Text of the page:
What parents need to know
Parents Need to Know
Parents need to know that Marley is an excellent and comprehensive documentary on the iconic reggae musician. Unsurprising to those familiar with Marley, reggae music, and the Rastafarian religion, there are frequent pictures and videos where Marley and his band The Wailers are smoking marijuana, and there is discussion about marijuana and its role in Marley's life and Jamaican culture. There is also frank discussion of Marley's numerous affairs; he had 11 children with seven different women while married. To provide necessary context, viewers see news footage of the sometimes violent civil unrest in Jamaica in the 1970s. However, none of this overshadows the central message of the film: Bob Marley was a deeply spiritual man dedicated to making others happy with his music, and to using his music as an instrument to promote peace, unity, and love.
What's the story?
MARLEY is the definitive documentary on the life, times, and music of iconic reggae musician Bob Marley. It follows Marley from his birth in 1945 in St. Ann, Jamaica, where he began with an outcast status because he was born to mixed-race parents, and continues to show his growing love for music. It follows Marley's early career in the 1960s, his minor hit songs in Jamaica, and a brief move to Wilmington, Delaware when he believed his musical career wasn't going anywhere. The film also shows his growing interests in the Rastafarian religion and how this informed and inspired his music, as Marley returned to Jamaica and became an international star in the 1970s, as his homeland descended into political unrest, even leading to an assassination attempt on Marley. Exiled in London, Marley continued to create music loved by millions; a homecoming concert culminated in a dramatic on-stage display of unity between the leaders of two warring political factions. The film documents Marley's world-wide success, concern over Third World injustice, and his untimely death at age 36 of cancer.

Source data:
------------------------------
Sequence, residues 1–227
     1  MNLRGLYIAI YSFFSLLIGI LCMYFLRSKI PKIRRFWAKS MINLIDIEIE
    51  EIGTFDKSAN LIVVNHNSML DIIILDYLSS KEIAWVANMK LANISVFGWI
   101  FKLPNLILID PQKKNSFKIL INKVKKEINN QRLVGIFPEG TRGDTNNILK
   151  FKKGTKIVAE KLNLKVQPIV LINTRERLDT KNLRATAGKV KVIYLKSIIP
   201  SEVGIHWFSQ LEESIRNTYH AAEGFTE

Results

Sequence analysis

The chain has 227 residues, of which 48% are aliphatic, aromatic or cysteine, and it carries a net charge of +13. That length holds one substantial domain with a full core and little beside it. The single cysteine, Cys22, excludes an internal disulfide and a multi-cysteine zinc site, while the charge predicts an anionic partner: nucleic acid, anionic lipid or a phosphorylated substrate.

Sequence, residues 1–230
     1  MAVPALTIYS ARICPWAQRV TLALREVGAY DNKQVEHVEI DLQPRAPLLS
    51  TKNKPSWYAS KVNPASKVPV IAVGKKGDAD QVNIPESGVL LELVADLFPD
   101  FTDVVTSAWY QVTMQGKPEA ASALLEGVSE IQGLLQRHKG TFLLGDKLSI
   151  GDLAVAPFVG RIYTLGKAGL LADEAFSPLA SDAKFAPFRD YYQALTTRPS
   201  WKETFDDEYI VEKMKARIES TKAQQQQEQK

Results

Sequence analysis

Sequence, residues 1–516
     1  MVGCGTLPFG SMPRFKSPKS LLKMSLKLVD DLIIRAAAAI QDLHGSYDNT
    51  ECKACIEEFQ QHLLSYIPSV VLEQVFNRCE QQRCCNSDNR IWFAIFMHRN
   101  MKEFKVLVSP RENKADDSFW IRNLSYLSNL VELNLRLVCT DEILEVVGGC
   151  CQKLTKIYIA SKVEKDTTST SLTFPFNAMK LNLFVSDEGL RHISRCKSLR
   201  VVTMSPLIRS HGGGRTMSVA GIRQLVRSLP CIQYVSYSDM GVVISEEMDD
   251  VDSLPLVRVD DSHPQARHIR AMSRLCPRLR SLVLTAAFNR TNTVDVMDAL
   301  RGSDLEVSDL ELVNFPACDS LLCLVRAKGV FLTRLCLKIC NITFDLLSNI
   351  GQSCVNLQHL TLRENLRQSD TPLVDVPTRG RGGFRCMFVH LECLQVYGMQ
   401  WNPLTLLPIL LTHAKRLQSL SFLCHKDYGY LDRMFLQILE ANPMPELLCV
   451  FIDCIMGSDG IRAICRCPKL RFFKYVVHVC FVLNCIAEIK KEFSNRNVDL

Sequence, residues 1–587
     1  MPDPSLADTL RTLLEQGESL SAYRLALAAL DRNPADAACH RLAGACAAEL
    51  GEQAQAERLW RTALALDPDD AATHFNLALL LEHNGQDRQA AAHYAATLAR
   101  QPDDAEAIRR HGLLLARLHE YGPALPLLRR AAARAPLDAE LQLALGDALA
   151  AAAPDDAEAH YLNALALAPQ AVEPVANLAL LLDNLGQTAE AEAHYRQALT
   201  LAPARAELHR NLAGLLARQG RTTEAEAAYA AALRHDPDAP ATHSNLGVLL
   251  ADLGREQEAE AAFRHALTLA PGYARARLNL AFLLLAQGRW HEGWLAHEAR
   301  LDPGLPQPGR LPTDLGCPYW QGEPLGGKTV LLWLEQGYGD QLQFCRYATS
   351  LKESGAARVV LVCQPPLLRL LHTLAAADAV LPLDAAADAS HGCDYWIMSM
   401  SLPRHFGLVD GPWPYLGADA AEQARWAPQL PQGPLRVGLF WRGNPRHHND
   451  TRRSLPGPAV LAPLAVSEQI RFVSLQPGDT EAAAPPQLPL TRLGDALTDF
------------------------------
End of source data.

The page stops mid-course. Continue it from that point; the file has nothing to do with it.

Is it any good?
Marley is a comprehensive and ultimately moving documentary of the man who is still -- several decades after his death -- the face most associated with reggae music. What emerges from the interview footage with those who knew him best and the video footage of Bob Marley and the Wailers concerts is a man inspired to use his music as a way to spread peace throughout the world, and to raise awareness of the plight of the Third World.
News footage of Jamaica's independence in 1962, of Haile Selassie (considered to be a god to Rastafarians) arriving in Jamaica, and the civil unrest throughout Jamaica during the 1970s provides the context for Marley's concerns as expressed in his songs and his concerts. For those with only a familiarity with Bob Marley songs and a bare bones idea of Jamaican culture, you can expect to learn many things about the ups and downs in Marley's life as he became an international superstar before his life ended much too soon. Simply put: It is an informative and inspiring tribute to a beloved artist.
Families can talk about...
Families can talk about the power of art and music. What does this documentary say about music and its power to transcend cultures and politics? What role does art play in politics throughout history?
What challenges do you think the filmmakers faced in presenting Bob Marley's life and music, as well as Jamaican culture, religion, and politics?
What are the different cinematic tools the filmmakers use to tell Bob Marley's story? Which do you think are the most effective?
|DVD/Streaming release date:||August 7, 2012|
|Cast:||Bob Marley, Rita Marley, Ziggy Marley|
|Topics:||Arts and dance, History, Music and sing-along|
|Run time:||145 minutes|
|MPAA explanation:||drug content, thematic elements, and some violent images|